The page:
In Defense Of Value At Risk And Other Risk Management Methods
In the beginning of the month, New York Times Magazine published an article by Joe Nocera called “Risk Mismanagement” that created quite a stir in the blogosphere and beyond. Despite the watering-down of certain aspects related to risk management tools, as well as the diversity with which these tools are applied practice, the article was a success because of the buzz it created as well as the ensuing debate.
The article portrays a debate over value at risk methodology between well-known practitioners of VAR and the critics of the methodology led by Nassim Taleb. It is hard not to get carried away with Mr. Taleb’s tabloid-like descriptions of VAR as a “fraud” and its practitioners as “intellectual charlatans.”
I love how the debate is construed. The premise is that value at risk and other valuation models (such as Black-Scholes) assume normal distribution of asset returns. Okay, they do that in their most primitive forms, but let’s just accept the oversimplification as a fact for a moment because the debate would hardly exist in this simplistic form if we didn’t go along with the show here.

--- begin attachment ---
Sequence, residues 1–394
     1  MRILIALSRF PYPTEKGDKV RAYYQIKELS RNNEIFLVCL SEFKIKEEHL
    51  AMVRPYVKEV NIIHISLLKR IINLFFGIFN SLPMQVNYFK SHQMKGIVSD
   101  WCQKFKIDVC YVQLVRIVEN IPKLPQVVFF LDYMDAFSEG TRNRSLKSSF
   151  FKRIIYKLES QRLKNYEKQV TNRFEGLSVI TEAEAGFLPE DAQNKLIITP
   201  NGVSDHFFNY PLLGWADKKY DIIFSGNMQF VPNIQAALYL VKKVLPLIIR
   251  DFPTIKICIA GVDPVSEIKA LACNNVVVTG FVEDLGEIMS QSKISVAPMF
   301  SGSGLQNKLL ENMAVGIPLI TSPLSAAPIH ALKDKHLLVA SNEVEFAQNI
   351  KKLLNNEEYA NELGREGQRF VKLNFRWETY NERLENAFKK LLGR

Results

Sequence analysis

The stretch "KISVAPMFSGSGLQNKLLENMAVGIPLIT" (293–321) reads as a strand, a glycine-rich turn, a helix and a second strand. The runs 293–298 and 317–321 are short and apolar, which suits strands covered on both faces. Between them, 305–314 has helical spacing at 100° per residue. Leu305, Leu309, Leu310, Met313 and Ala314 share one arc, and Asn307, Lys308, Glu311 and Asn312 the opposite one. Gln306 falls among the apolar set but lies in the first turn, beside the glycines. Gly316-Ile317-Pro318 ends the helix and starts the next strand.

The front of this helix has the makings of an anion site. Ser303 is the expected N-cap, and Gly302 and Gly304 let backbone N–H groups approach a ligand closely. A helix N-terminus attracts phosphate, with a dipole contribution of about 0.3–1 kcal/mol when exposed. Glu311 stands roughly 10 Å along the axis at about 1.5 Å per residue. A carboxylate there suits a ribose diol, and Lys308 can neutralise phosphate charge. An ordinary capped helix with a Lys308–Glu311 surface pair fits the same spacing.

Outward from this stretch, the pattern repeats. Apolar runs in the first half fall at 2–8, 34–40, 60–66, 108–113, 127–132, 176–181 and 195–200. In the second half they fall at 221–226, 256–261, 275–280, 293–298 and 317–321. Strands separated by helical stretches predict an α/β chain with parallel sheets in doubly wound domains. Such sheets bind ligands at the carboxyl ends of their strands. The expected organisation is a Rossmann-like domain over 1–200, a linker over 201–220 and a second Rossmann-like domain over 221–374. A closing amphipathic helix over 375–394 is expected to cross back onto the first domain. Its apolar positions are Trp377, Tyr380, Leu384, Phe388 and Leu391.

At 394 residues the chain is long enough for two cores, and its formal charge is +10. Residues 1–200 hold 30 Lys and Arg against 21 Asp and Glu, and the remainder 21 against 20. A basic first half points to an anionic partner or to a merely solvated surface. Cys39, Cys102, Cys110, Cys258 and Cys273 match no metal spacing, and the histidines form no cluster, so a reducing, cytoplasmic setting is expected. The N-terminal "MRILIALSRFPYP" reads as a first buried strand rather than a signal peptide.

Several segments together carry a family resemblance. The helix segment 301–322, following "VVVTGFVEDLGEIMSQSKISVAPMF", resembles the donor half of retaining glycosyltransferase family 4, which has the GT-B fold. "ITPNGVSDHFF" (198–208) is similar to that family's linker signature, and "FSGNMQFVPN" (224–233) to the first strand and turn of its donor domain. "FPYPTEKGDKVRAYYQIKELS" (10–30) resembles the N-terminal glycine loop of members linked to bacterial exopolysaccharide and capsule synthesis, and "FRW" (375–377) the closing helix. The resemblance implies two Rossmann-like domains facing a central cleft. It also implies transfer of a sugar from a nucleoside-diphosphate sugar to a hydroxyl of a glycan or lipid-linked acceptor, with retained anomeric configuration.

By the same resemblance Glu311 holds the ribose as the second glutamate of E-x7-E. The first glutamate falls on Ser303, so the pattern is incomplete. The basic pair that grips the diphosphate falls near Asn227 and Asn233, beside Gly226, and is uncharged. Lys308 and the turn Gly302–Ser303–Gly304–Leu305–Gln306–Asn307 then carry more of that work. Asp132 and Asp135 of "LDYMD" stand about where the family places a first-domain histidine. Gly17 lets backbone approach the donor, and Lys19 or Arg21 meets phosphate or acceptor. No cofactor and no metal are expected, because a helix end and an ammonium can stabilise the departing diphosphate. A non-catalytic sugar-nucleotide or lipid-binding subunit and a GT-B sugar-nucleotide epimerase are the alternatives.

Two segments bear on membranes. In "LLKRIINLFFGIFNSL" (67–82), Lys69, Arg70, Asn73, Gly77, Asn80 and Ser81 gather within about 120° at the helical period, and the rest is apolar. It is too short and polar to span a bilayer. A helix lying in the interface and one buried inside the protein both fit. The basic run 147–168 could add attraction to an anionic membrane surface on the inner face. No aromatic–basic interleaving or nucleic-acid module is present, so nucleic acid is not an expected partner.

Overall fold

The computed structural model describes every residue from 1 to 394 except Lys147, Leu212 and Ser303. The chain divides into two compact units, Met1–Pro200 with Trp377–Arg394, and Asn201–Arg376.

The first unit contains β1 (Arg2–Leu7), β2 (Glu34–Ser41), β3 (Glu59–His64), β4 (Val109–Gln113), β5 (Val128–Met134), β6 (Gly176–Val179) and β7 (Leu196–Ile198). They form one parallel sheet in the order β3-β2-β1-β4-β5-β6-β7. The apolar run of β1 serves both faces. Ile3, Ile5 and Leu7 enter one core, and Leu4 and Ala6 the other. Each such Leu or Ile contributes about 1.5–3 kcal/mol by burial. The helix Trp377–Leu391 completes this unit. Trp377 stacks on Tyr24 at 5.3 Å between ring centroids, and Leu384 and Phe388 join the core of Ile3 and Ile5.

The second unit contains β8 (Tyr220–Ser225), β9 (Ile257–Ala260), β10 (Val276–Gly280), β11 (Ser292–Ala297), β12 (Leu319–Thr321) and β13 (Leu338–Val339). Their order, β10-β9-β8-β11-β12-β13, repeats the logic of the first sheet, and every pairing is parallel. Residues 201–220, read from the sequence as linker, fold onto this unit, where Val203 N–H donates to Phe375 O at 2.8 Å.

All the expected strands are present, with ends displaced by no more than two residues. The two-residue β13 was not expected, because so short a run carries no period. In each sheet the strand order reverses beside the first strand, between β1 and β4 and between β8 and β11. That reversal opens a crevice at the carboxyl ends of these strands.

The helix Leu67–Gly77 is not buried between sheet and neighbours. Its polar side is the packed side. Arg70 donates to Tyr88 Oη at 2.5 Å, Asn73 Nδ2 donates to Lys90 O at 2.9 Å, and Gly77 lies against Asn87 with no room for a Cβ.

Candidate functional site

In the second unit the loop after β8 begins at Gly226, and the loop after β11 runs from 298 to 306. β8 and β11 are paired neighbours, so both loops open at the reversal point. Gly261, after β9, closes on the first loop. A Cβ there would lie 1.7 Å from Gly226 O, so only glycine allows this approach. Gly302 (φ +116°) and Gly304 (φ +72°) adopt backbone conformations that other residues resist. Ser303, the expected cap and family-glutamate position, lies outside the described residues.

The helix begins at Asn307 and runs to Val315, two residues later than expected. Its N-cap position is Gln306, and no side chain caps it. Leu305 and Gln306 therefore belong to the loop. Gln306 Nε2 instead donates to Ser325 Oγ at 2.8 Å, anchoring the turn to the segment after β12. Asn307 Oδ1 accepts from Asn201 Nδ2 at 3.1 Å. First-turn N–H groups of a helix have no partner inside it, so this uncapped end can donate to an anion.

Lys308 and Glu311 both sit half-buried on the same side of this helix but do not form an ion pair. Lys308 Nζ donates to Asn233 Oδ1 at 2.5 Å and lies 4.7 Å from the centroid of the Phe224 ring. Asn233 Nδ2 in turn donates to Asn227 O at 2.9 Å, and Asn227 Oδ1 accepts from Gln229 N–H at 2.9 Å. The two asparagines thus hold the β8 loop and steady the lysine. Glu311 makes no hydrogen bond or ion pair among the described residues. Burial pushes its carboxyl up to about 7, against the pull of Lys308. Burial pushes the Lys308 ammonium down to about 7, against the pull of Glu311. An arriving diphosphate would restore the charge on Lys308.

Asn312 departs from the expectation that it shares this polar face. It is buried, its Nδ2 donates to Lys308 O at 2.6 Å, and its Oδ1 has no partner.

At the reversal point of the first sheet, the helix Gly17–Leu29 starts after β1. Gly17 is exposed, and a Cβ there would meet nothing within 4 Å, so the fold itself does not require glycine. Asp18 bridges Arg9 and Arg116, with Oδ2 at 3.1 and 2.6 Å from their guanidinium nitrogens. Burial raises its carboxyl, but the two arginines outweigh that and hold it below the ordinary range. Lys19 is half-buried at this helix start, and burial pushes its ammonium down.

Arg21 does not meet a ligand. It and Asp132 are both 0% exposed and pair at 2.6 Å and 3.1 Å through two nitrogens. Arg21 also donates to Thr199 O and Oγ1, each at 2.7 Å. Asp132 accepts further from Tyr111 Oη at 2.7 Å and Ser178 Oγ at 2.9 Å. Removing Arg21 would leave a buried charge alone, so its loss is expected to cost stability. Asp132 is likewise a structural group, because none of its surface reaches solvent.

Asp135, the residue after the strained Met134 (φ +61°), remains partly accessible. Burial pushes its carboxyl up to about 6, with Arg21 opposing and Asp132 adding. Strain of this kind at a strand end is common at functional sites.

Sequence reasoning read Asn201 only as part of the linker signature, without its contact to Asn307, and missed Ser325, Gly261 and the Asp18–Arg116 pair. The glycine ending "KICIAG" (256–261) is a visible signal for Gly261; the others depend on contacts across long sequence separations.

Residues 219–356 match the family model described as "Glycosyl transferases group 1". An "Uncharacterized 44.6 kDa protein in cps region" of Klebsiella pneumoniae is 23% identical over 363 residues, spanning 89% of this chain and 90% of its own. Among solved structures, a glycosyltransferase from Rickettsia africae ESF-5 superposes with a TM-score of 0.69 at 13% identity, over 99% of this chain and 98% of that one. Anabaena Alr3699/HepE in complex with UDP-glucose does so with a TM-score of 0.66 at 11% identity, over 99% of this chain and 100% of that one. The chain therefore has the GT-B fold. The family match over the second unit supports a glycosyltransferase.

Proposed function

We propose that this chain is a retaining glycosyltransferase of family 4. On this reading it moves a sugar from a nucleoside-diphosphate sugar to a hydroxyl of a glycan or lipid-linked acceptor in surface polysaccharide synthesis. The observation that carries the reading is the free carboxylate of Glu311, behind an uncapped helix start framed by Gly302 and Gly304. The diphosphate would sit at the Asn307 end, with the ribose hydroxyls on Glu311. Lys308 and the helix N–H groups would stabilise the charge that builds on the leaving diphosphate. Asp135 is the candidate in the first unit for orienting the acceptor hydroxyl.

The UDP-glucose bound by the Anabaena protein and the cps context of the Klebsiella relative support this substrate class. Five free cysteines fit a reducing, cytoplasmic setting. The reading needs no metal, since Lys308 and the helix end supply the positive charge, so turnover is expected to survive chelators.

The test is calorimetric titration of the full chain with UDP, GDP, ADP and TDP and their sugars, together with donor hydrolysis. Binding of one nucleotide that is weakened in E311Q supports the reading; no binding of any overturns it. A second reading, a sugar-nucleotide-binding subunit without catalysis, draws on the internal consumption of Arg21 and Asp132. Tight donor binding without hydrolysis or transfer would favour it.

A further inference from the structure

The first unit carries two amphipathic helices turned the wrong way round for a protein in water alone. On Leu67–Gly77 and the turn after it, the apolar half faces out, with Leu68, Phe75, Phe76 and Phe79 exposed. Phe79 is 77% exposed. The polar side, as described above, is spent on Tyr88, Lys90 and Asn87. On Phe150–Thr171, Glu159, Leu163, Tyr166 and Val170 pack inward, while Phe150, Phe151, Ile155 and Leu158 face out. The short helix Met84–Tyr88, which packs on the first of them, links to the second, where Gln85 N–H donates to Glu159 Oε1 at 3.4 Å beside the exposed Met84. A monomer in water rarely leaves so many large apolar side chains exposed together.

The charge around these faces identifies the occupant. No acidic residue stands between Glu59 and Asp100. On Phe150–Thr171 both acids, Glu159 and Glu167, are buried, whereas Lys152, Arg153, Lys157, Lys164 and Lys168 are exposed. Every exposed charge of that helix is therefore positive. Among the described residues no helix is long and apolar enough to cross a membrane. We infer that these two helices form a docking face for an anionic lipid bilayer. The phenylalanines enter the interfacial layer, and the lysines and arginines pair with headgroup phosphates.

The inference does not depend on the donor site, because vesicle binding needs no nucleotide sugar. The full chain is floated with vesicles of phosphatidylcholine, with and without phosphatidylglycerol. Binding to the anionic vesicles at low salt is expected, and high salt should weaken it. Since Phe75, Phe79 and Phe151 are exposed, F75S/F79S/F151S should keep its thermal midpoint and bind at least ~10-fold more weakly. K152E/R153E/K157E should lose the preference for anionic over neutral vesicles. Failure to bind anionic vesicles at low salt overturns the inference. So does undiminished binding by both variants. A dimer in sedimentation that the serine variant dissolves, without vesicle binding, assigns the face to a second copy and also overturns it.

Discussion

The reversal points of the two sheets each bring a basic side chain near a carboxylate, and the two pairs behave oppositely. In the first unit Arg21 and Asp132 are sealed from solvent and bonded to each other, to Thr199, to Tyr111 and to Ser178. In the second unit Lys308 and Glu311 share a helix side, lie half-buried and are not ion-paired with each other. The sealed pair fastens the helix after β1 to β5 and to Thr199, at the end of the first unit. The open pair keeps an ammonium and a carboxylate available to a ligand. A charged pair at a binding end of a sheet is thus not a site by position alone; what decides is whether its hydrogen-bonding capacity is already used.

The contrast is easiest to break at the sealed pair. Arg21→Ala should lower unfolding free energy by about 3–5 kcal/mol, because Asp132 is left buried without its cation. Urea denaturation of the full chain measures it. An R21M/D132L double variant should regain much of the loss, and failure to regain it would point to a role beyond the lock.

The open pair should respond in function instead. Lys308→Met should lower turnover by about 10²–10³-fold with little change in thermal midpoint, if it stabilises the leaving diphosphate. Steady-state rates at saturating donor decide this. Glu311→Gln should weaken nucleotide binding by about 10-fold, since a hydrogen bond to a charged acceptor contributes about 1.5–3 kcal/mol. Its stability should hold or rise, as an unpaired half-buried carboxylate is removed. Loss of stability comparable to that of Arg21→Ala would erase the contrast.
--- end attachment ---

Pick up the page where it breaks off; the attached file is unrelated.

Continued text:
This is where our hero Mr. Taleb, an experienced options trader no less, emerges to the public mainstream to inform all of us ignorant folks that asset returns do not follow a normal distribution! The horror! The painful realization that this stuff continues to be taught in business schools! All that wasted class time learning statistics!
It is fair to say that this assumption will mislead naïve market participants about the nature of their risk exposures as “Black Swan” events happen a lot more frequently than suggested by Gaussian distributions. The problem is, almost anyone in finance already knows that asset prices are not normally distributed, and many practitioners build models or apply extensions to existing ones in order to take this into consideration.
I decided to give a little background on value at risk in order to get the points across that I feel strongly about. Since I teach VAR in the classroom as part of a risk management curriculum, I feel it is best to give some preliminary information.
A Primer On Value At Risk